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Thermal Protein Profiling May Offer New Insights on Antibiotic Resistance

06:38 EDT 9 Jul 2018 | Genetic Engineering News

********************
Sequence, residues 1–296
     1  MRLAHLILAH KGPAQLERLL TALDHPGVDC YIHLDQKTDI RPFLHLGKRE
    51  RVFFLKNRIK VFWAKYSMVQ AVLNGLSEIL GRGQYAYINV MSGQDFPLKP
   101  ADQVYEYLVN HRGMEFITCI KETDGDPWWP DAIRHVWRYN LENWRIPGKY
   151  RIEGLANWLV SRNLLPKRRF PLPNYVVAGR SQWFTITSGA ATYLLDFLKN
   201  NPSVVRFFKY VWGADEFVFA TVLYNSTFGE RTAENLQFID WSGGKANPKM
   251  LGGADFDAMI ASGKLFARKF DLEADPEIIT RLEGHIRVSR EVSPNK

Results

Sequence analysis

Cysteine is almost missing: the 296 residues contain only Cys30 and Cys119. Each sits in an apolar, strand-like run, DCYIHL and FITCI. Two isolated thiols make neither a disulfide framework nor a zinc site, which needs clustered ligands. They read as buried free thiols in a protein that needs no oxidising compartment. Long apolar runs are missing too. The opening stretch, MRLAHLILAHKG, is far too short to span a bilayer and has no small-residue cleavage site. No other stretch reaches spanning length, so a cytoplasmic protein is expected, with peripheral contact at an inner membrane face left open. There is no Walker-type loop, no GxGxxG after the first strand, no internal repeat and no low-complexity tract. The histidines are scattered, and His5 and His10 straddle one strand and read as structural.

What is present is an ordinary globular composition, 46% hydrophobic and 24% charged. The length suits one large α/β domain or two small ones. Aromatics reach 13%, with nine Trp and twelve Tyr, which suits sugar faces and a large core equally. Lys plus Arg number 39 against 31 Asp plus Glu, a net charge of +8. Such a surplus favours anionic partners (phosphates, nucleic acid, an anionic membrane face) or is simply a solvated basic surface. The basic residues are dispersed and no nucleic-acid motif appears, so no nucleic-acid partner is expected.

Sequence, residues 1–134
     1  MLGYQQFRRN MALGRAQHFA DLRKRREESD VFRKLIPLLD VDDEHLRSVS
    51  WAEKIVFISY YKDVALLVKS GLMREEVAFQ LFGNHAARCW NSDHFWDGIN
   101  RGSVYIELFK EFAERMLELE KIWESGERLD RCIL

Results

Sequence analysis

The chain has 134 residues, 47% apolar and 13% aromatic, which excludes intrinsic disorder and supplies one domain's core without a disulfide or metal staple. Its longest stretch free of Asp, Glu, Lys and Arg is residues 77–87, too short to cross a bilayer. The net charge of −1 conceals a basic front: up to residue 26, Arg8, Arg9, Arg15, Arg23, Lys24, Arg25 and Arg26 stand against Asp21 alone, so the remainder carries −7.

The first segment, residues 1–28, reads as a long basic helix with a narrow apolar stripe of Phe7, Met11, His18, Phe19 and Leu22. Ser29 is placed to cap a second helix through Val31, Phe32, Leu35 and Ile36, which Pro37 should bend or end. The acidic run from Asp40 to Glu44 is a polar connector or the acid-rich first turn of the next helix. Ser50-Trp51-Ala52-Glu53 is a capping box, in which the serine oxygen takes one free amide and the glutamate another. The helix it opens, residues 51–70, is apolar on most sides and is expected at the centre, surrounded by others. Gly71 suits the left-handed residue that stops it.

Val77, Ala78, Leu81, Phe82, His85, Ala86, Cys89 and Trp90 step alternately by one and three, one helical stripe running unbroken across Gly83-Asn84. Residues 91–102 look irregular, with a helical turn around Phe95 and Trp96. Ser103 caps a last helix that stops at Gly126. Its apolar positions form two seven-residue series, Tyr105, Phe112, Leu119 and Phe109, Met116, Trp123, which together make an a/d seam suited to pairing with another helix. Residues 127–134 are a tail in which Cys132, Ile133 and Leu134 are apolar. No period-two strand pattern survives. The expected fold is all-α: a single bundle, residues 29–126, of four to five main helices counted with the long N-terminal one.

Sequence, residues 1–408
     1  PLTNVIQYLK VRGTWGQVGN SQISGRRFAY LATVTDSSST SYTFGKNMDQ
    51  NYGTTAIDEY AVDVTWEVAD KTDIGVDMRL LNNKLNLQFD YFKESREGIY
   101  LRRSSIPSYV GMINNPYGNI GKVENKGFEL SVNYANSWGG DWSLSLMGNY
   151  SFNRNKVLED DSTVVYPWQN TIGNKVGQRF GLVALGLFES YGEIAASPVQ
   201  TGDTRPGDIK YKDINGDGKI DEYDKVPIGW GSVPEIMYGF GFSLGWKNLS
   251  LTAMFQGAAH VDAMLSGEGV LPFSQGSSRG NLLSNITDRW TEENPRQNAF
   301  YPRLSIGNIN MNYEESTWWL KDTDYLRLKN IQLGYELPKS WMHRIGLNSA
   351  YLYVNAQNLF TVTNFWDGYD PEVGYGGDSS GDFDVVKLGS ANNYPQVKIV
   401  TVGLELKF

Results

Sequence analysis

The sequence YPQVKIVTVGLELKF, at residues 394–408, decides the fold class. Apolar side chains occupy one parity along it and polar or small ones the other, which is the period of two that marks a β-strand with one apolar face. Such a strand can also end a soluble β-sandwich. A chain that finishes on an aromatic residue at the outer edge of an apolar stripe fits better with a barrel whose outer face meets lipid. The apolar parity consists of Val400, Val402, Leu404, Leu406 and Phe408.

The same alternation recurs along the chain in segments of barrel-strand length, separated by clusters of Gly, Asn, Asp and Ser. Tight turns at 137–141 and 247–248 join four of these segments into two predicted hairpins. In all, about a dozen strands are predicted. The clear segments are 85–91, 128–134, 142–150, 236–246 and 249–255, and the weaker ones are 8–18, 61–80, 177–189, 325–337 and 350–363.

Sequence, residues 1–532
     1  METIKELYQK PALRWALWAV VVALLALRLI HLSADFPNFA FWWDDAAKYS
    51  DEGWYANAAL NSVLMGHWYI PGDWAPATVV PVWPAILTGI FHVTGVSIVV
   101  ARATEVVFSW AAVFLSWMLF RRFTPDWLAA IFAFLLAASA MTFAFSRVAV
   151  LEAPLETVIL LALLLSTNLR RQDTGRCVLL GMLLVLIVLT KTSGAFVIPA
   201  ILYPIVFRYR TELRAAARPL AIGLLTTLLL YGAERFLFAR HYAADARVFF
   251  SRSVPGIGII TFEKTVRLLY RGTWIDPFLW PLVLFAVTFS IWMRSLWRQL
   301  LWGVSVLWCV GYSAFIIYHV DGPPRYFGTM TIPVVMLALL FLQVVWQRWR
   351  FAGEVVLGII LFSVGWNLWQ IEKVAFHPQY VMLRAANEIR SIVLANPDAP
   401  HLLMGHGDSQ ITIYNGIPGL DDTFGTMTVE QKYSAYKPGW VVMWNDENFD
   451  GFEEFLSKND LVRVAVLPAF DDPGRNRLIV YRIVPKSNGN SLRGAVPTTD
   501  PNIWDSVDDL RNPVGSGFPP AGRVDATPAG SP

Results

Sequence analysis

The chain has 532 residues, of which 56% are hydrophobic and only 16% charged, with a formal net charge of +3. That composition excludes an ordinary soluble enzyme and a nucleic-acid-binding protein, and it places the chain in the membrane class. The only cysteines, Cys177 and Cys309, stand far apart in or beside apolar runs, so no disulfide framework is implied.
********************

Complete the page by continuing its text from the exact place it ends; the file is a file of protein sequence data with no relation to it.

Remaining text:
Scientists from the European Molecular Biology Laboratory (EMBL) say they have adapted an existing technique to study the melting behavior of proteins so that it can be used for the study of bacteria. Antibiotic resistance is spreading worldwide so there is a strong need for new technologies to study bacteria, according to the researchers who published their study (“ Thermal proteome profiling in bacteria: probing protein state  in vivo ”)  in  Molecular Systems Biology. “We adapted thermal proteome profiling (TPP) to probe the thermostability of  Escherichia coli  proteins in vivo.  E. coli  had a more thermostable proteome than human cells, with protein thermostability depending on subcellular location—forming a high-to-low gradient from the cell surface to the cytoplasm. While subunits of protein complexes residing in one compartment melted similarly, protein complexes spanning compartments often had their subunits melting in a location-wise manner. Monitoring the  E. coli  meltome and proteome at different growth phases captured changes ...

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